Access a release from IJC and links to the letter to the Study Board and governments, the previous study, the 7th Progress Report, and a key issues and response document (click here).

Agencies Launch Binational Asian Carp Risks Assessment

Oct 5: The Great Lakes Fishery Commission (GLFC) praised Fisheries and Oceans Minister Gail Shea for launching a major initiative to assess the risk Asian carps pose to the Great Lakes. The risk assessment will be conducted jointly between scientists in Canada and the United States and the Great Lakes Fishery Commission will facilitate the project. The risk assessment will be the first binational effort to evaluate the likelihood of Asian carps spreading throughout the Great Lakes basin and to gauge the potential effect of the species on the Great Lakes ecosystem. The assessment will involve preeminent scientists in the field, will be peer-reviewed, and should take about eighteen months to complete.
    GLFC indicated that the non-natural connection -- the Chicago Sanitary and Ship Canal -- links the Mississippi basin to the Great Lakes and is the primary pathway of concern for the Asian carps. An electrical barrier on the waterway prevents carp migration, but sampling -- and the capture of one live bighead carp in June, 2010 -- has raised concern that Asian carps might be on the Lake Michigan side of the barrier, though probably in small numbers. GLFC has joined other agencies in working together to support measures to monitor carp movement and prevent entry into the Great Lakes. 
    David Ullrich, GLFC U.S. Section Chair said, "The Great Lakes Fishery Commission commends Canada for launching this initiative to better understand the potential for Asian carps to spread throughout the Great Lakes ecosystem. With this risk assessment, we will have a vastly improved understanding about where Asian carps might establish a population within the basin, as well as important information about the probable impact of Asian carps on the fishery and environment, should they enter the lakes."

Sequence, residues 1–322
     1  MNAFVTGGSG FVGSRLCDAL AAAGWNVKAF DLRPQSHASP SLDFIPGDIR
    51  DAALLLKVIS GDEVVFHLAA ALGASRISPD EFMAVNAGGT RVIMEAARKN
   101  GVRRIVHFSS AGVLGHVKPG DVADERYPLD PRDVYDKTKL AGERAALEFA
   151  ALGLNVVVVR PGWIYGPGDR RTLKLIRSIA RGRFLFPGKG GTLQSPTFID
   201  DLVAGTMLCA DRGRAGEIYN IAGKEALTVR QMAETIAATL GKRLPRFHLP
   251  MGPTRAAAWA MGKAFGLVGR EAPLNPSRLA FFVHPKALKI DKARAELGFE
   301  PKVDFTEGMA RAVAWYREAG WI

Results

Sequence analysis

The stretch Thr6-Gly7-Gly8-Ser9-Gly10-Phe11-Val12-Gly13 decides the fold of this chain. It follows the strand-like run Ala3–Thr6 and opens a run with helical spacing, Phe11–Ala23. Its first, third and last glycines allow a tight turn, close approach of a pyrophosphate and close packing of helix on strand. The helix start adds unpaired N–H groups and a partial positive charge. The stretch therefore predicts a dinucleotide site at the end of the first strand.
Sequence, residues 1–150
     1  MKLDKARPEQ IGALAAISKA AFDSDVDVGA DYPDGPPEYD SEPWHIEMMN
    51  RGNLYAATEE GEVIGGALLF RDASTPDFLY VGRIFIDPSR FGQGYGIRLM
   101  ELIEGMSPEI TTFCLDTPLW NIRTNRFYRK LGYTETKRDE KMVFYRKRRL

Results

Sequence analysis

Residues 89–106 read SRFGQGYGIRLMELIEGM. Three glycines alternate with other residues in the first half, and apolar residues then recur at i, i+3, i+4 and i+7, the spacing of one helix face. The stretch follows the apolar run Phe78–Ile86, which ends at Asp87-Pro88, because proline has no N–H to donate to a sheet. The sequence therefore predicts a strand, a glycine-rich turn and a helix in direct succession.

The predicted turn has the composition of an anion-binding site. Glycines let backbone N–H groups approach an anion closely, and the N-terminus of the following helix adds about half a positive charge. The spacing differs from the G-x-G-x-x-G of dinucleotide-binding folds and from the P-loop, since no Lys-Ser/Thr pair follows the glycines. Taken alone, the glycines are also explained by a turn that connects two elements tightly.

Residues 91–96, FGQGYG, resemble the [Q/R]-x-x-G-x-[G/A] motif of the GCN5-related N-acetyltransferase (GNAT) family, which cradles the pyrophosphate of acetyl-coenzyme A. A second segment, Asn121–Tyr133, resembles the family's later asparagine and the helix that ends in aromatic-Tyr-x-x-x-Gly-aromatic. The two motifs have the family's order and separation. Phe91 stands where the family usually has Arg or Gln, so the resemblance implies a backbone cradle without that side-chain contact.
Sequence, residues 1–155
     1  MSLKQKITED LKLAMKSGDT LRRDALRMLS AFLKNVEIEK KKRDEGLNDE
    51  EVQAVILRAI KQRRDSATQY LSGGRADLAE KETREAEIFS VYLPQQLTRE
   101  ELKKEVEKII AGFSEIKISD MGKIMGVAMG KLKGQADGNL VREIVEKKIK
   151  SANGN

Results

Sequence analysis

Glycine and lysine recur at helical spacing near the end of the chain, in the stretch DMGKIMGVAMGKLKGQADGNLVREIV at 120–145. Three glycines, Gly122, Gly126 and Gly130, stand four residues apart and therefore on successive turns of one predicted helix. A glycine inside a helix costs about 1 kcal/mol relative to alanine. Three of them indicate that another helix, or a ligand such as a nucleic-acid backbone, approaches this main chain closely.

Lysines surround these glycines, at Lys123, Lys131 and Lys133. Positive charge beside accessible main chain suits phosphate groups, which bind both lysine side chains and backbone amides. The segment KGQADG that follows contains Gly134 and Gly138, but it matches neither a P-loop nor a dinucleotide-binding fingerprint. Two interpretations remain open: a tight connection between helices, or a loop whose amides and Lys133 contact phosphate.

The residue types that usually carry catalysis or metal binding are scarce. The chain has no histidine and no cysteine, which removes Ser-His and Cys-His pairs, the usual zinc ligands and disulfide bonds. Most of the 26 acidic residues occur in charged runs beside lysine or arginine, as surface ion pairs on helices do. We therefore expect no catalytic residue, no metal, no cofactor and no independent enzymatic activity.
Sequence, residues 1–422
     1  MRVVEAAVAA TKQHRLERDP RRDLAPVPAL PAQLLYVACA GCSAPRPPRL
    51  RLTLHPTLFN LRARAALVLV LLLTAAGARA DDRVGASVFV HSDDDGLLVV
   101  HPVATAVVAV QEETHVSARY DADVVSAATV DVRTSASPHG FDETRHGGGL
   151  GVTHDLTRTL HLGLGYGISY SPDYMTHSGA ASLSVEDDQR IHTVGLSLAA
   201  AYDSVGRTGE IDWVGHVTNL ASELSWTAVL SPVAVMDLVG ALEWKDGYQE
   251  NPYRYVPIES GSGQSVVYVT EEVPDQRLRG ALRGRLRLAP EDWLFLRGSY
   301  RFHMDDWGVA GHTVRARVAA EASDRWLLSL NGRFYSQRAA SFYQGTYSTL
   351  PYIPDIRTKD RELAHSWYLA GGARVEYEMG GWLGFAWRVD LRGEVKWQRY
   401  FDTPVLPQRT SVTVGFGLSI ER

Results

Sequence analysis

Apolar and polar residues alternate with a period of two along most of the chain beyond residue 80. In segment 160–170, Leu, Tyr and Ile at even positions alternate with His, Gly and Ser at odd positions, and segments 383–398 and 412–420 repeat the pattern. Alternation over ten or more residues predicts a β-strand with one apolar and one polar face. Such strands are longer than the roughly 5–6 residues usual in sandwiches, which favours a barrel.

Michael Hansen the commission's vice chair and professor at the University of Wisconsin at Stevens Point said, "Scientists in both Canada and the United States have each conducted separate risk assessments to evaluate Asian carps and their effect on the environment. This information, to date, has been instrumental in justifying the critical importance of preventing the migration of these fish into the Great Lakes. The commission is pleased that Minister Shea has committed Canada to conducting a rigorous risk assessment that will include active participation from American scientists. The product will be the first and only basin-level, peer-reviewed consensus among top scientists about the risks of Asian carps."
    Access a release from GLFC (click here). Access more information on the Asian Carp Regional Coordinating Committee (click here).